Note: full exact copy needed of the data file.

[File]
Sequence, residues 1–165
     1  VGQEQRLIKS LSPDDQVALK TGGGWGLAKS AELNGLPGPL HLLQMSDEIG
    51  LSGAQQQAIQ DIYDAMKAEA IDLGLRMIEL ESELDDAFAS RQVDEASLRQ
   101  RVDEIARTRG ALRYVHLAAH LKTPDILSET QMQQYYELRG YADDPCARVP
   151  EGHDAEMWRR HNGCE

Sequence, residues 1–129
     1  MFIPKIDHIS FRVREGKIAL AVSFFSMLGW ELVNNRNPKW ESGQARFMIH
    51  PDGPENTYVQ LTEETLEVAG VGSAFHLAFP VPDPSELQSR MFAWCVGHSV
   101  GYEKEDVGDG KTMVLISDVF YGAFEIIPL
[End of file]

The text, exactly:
Sequence, residues 1–165
     1  VGQEQRLIKS LSPDDQVALK TGGGWGLAKS AELNGLPGPL HLLQMSDEIG
    51  LSGAQQQAIQ DIYDAMKAEA IDLGLRMIEL ESELDDAFAS RQVDEASLRQ
   101  RVDEIARTRG ALRYVHLAAH LKTPDILSET QMQQYYELRG YADDPCARVP
   151  EGHDAEMWRR HNGCE

Sequence, residues 1–129
     1  MFIPKIDHIS FRVREGKIAL AVSFFSMLGW ELVNNRNPKW ESGQARFMIH
    51  PDGPENTYVQ LTEETLEVAG VGSAFHLAFP VPDPSELQSR MFAWCVGHSV
   101  GYEKEDVGDG KTMVLISDVF YGAFEIIPL